Learn skills that are valuable and rare. There is a famous saying by Steve Martin, “Be so good they can’t ignore you” and it’s a quote I live by. If you hone in on a craft and learn to excel at it, people will want to employ you.
I had the pleasure of interviewing George Arison. George is the founder and Co-CEO of Shift, a San Francisco-based startup that is using user-centric design and mobile-first technology to make car buying and selling fun, fair, and accessible.
Thank you so much for doing this with us! Can you tell us the story of how you grew up?
Thank you for interviewing me! I was born in the former Soviet Union, which is now the country of Georgia, and I grew up under a Communist regime. However, I was lucky to be exposed to American politics very early — through CSPAN — and always loved American history, values, and culture. Pretty dorky, but I taught myself English by watching a lot of congressman and senators on CSPAN — no joke!
Was there a particular trigger point that made you emigrate to the US? Can you tell a story?
When I was 12 years old, I met this incredible couple, Kathy and Jared Cadwell; they were founders of an NGO called Project Harmony (which still is going strong) that sent American kids to the Soviet Union and vice-versa for exchanges. Having done a few of these exchanges, Kathy and John wanted to live in the USSR and immerse themselves in the Soviet way of life, and they came to live in Georgia for a year. Before they went back to the States, they left me a book of schools applications. Remember, this was pre-internet, and communication with the US was still tricky — it was mostly done through telex machines and sometimes via Fax (which cost $10 per page to send). I was able to get my applications out of the Soviet Union, and with the help of another foreign visitor, I was accepted to a boarding school in Maine on an academic scholarship.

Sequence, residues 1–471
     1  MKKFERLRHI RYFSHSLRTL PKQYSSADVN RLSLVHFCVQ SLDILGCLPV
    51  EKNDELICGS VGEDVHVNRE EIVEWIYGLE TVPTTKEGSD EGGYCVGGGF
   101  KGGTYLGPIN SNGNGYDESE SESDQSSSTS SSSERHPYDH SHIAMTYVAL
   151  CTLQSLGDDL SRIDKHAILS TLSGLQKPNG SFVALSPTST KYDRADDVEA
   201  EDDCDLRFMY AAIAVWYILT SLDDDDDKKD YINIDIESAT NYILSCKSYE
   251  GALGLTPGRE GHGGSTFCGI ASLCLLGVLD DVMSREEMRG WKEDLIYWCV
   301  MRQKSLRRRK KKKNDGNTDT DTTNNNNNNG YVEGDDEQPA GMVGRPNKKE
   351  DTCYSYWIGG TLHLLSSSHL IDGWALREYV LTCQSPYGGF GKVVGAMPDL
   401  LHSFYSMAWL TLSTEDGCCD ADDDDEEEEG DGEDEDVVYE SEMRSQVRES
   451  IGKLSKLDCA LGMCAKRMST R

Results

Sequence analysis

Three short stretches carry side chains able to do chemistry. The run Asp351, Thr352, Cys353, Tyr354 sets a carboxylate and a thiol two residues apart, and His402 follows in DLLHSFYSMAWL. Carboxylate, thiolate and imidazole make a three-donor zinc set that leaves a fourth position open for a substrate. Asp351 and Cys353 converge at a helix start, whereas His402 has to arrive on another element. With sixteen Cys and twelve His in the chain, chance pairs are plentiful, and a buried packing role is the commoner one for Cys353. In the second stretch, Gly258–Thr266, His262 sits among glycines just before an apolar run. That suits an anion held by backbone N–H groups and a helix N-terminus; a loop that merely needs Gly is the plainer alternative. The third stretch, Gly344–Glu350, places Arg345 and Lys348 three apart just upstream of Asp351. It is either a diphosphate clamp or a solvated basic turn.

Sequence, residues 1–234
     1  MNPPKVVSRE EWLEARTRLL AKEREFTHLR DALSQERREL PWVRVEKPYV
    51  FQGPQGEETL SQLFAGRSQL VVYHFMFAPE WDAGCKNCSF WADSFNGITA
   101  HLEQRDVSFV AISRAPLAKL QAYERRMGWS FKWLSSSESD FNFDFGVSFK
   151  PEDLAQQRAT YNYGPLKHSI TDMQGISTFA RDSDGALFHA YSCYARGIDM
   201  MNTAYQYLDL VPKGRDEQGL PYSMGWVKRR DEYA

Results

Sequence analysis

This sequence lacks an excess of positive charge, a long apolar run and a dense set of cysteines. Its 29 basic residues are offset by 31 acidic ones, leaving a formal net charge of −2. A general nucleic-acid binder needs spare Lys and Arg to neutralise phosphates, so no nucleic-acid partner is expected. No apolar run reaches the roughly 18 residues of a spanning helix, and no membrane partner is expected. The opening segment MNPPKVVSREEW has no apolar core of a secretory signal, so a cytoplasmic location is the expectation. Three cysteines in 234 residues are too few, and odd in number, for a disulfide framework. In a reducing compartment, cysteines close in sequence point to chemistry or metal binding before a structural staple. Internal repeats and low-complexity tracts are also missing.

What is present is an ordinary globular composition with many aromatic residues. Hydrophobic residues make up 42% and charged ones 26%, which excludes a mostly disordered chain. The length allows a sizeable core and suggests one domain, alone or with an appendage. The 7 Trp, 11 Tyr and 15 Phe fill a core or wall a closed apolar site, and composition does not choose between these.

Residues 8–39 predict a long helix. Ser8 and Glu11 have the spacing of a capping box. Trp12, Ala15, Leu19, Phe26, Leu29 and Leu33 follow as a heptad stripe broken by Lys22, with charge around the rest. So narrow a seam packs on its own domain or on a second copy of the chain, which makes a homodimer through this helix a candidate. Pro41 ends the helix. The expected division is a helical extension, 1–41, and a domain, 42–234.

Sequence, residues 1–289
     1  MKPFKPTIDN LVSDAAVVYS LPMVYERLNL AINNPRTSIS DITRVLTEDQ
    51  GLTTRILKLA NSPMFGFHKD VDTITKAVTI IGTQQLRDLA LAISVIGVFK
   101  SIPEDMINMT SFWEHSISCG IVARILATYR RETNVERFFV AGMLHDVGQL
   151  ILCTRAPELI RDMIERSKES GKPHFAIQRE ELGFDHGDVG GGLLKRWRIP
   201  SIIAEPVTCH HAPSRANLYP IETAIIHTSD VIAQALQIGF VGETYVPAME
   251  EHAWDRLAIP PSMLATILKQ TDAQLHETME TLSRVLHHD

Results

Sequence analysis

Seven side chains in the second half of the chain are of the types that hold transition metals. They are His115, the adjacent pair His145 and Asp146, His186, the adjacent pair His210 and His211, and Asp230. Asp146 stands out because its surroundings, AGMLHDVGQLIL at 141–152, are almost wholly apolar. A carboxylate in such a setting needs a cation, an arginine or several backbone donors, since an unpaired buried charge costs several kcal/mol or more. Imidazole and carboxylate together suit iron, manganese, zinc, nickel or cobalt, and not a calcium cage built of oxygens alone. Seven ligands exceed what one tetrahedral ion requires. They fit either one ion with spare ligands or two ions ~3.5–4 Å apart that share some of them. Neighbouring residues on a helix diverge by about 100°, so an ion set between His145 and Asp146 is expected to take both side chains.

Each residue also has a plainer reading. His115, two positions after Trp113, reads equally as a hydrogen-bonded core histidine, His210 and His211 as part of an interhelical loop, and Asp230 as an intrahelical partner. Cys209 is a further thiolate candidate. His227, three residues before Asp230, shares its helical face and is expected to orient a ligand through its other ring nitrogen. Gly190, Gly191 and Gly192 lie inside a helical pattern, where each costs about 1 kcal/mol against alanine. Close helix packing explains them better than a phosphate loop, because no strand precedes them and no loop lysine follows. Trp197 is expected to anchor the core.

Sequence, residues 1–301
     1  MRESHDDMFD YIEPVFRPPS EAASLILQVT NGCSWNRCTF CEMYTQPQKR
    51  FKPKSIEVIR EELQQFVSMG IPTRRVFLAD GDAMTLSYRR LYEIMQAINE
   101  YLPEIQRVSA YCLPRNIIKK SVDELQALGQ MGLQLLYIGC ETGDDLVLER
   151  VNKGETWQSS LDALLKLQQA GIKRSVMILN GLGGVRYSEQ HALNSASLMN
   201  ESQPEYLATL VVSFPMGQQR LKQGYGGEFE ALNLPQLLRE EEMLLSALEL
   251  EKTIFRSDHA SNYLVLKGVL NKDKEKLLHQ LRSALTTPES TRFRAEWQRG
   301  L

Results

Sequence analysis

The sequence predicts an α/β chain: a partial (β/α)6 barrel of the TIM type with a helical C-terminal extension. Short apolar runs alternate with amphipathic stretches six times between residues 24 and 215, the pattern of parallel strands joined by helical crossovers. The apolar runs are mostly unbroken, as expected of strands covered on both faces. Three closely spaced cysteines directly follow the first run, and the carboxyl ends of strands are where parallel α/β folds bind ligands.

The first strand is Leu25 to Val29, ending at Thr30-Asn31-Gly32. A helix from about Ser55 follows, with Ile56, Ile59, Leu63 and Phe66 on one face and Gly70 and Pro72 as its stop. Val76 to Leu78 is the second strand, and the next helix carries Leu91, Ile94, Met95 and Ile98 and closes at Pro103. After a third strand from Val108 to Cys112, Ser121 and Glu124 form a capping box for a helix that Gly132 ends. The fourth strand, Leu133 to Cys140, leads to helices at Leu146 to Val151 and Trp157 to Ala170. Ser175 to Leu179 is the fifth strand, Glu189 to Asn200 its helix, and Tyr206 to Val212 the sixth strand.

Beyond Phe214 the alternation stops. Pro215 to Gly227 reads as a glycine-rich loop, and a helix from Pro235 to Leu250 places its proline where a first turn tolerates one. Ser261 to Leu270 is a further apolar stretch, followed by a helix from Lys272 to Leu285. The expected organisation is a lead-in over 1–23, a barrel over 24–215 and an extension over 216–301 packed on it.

Can you tell us the story of how you came to the USA? What was that experience like?
It was overwhelming at first. I was 14 years old, in a foreign country and away from my family. But at the same time, I was thrilled because I knew it was an incredible opportunity. Stepping off the plane at JFK, I felt free for the first time in my life — both from my parents pushing me too hard and from a political system in which freedom was limited.
Is there a particular person who you are grateful towards who helped make a move more manageable? Can you share a story?
The Cadwell’s. They are the ones who left the list of schools and encouraged me to apply. If it wasn’t for them, I don’t know where I’d be today. I just got back from visiting Georgia in August and was fortunate enough to speak to a large group of startup enthusiasts. There is no doubt that the country is moving forward, but there is still a lot of work to do. I’m very fortunate to be where I am, and I owe everything to them — they’re my second family.
So how are things going today?
Things are well. Shift is in a great place, and I am excited about the many cool things we have coming down the pipeline, especially on the technology side.
How have you used your success to bring goodness to the world?